Sign up for newsletter
 

Cal Smith dies at 81

Friday, October 11, 2013 – Singer Cal Smith, 81, the voice behind Country Bumpkin and other hits, died Thursday n Branson, Mo.

Born in Gans, Okla. on April 7, 1932, Smith began his music career performing at the Remember Me Cafe in San Francisco at the age of 15, but he was not financially successful. During the 1950s, he worked various jobs, including truck driving and bronco busting.

Smith worked as a on-air personality for KEEN in San Jose, Cal. before joining Ernest Tubb's Texas Troubadours on rhythm guitar in 1962. He later signed with Kapp Records after leaving Tubb's band in 1966. He first charted with his second single, The Only Thing I Want."

He released his first solo album, "Drinking Champagne," in 1969. The album's title track had reached the Top 40 on the country charts the previous year.

Smith's career took off when he signed with Decca in 1970. He had a 1972 top 10 hit, I've Found Someone of My Own. He began recording songs written by some of the biggest names in the industry; for instance, in March 1973, his rendition of Bill Anderson's The Lord Knows I'm Drinking hit number one.

Smith earned CMA Single of the Year honors in 1974 for It's Time To Pay The Fiddler He also had a hit with Bill Anderson's "he Lord Knows I'm Drinking. which became a number one country hit for Decca Records. In 1974, Smith scored with Country Bumpkin, the Country Music Association's song and single of the year and the Academy of Country Music's song of the year.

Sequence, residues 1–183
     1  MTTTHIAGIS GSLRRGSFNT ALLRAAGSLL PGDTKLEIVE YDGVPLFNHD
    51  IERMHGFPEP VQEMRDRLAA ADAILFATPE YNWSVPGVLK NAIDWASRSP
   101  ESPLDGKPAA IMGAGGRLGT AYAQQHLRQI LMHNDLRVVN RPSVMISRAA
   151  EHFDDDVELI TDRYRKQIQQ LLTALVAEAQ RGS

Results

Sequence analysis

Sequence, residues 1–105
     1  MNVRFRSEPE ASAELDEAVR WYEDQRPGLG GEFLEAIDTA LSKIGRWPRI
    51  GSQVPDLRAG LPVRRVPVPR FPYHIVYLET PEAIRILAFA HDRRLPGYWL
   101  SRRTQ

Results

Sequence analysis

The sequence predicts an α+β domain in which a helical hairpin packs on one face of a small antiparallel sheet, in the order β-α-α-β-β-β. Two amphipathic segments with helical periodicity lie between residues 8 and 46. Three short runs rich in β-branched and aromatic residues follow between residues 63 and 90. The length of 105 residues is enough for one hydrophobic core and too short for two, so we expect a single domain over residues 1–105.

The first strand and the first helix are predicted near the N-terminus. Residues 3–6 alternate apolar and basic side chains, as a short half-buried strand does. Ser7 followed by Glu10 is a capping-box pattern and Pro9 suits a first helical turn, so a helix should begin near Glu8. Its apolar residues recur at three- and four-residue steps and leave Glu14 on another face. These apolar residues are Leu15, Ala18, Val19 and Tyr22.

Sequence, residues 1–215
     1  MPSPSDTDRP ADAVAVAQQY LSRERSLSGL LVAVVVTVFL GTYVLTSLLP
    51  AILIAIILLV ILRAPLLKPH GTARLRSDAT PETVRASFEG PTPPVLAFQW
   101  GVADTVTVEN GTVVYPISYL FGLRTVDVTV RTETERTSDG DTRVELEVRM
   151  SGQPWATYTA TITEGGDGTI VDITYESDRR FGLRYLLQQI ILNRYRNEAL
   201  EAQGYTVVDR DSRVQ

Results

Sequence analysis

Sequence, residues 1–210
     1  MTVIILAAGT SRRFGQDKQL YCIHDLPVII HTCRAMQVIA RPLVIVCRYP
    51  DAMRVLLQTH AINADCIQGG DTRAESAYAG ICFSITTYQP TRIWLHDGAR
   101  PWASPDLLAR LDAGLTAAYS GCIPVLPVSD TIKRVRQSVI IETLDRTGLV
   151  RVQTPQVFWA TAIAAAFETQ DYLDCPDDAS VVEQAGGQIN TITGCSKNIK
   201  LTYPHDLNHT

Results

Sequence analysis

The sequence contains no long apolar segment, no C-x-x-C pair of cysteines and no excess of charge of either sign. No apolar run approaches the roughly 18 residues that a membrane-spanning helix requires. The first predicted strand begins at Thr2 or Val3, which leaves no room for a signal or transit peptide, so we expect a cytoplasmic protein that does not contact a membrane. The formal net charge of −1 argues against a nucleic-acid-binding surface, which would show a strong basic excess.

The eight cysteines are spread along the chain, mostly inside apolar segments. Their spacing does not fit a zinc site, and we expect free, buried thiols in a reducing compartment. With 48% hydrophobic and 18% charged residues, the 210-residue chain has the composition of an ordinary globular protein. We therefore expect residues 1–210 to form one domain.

Smith later signed with MCA and had more hits with them. Smith released his last album, "Stories of Life by Cal Smith," in 1986 on Step One Records, where he had a minor hit that year with King Lear.

Editorial: Walking the talk – When names like Hank Williams, Johnny Cash, Waylon and the Hag are invoked, you're talking hard core country. These are the touchstones of country , the guys who made country music what it was and still is (or maybe can be). When these folks would sing about being down-and-out and the rough-and-tumble, they knew of what they were singing about. Fast forward a few years to the country singers of today. »»»
Concert Review: We Banjo 3 beaks down the barriers – The joy is palpable when the music is of the Irish variety. And when you combine that with a typically uptempo bluegrass sound - We Banjo 3 labels its style of music Celtgrass - let's say it makes for one fun night. The group, which has been around since 2011, is a quartet from Galway Ireland comprised of two sets of brothers - the cool looking... »»»
Concert Review: Gayle, Orlando provide good old-fashioned entertainment – Although this pairing of country star Crystal Gayle and Tony Orlando may have - on the surface - appeared to be an odd one, tonight's audience demonstratively loved each performer equally. It was an evening of memorable songs, fun and funny stories and just good old-fashioned entertainment. Gayle opened the show with a strong set of country... »»»
Follow Country Standard Time  Subscribe to Country News Digest  Follow Country Standard Time on twitter  Visit Country Standard Time on Facebook 

Elsewhere in the news

Currently at the CST blogs

The Mavericks "Play the Hits" When recording its album "Play the Hits," The Mavericks approached this covers album in much the same way the band creates any of its other studio albums. "Above all, we're always trying to reach a certain musical bar that we... »»»
Larue moves "Onward" The release of "Onward," his eighth studio album, finds veteran Texas Music/Red Dirt artist Stoney Larue at a crossroads. After almost two decades on the road, playing 200 shows a year across America and abroad, he has had success... »»»
Willis, Robison spin "Beautiful Lie" Eleven years ago, Kelly stepped away from music. She had just finished touring on 2007's exquisite "Translated From Love" and felt the angst of being a travelling musician with family at home. At that point, Willis and her husband, musician/producer Bruce Robison,... »»»